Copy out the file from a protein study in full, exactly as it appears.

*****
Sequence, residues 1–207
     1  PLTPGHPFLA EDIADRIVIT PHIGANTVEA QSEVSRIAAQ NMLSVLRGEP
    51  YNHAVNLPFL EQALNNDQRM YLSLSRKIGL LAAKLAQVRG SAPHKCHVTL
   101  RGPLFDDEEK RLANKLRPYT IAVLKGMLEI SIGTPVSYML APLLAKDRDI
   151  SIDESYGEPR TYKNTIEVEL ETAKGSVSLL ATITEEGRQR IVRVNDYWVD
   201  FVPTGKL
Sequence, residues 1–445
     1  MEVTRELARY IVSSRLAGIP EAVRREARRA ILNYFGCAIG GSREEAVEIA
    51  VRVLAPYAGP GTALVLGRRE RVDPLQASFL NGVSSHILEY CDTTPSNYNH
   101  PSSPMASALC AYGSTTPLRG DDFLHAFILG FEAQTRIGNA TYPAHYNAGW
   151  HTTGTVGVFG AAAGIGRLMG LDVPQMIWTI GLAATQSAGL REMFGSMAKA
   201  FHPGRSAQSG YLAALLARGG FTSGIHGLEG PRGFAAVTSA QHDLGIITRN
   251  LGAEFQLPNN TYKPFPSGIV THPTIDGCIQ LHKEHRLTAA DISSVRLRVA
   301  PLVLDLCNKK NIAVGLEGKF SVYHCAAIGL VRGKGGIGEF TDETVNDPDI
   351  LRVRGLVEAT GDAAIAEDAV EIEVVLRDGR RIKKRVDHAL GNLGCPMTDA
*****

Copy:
Sequence, residues 1–207
     1  PLTPGHPFLA EDIADRIVIT PHIGANTVEA QSEVSRIAAQ NMLSVLRGEP
    51  YNHAVNLPFL EQALNNDQRM YLSLSRKIGL LAAKLAQVRG SAPHKCHVTL
   101  RGPLFDDEEK RLANKLRPYT IAVLKGMLEI SIGTPVSYML APLLAKDRDI
   151  SIDESYGEPR TYKNTIEVEL ETAKGSVSLL ATITEEGRQR IVRVNDYWVD
   201  FVPTGKL
Sequence, residues 1–445
     1  MEVTRELARY IVSSRLAGIP EAVRREARRA ILNYFGCAIG GSREEAVEIA
    51  VRVLAPYAGP GTALVLGRRE RVDPLQASFL NGVSSHILEY CDTTPSNYNH
   101  PSSPMASALC AYGSTTPLRG DDFLHAFILG FEAQTRIGNA TYPAHYNAGW
   151  HTTGTVGVFG AAAGIGRLMG LDVPQMIWTI GLAATQSAGL REMFGSMAKA
   201  FHPGRSAQSG YLAALLARGG FTSGIHGLEG PRGFAAVTSA QHDLGIITRN
   251  LGAEFQLPNN TYKPFPSGIV THPTIDGCIQ LHKEHRLTAA DISSVRLRVA
   301  PLVLDLCNKK NIAVGLEGKF SVYHCAAIGL VRGKGGIGEF TDETVNDPDI
   351  LRVRGLVEAT GDAAIAEDAV EIEVVLRDGR RIKKRVDHAL GNLGCPMTDA